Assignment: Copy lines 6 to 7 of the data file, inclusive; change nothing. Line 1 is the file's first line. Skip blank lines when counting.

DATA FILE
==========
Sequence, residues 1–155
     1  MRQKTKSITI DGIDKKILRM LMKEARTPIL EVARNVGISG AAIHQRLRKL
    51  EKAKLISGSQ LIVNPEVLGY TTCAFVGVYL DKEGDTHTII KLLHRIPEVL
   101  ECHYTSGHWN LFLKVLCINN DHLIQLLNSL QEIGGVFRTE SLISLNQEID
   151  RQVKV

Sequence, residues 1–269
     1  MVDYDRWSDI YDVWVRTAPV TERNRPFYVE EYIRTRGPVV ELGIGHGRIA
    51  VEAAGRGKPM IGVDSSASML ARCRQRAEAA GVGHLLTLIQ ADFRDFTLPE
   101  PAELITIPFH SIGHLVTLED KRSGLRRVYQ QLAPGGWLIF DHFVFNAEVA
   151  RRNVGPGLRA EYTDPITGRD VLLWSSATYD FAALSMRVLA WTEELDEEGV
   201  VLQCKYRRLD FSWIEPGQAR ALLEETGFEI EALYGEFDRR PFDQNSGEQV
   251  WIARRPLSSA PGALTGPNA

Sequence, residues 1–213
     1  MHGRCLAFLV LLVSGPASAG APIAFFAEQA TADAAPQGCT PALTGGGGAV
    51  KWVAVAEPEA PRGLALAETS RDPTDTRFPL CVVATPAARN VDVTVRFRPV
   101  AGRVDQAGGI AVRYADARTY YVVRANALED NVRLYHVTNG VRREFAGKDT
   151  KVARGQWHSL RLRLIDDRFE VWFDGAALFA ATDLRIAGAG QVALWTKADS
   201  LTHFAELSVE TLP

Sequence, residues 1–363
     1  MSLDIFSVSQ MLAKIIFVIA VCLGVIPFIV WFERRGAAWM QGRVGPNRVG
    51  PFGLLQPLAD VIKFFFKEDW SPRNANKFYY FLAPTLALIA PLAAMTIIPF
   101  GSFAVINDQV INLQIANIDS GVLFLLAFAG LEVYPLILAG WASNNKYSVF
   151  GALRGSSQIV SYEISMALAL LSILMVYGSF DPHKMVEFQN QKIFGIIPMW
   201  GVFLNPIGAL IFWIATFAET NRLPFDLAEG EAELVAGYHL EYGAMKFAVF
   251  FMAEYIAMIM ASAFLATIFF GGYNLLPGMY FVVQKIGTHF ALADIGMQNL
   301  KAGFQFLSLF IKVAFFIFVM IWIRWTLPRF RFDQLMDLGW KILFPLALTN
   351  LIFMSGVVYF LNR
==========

Sequence, residues 1–269
     1  MVDYDRWSDI YDVWVRTAPV TERNRPFYVE EYIRTRGPVV ELGIGHGRIA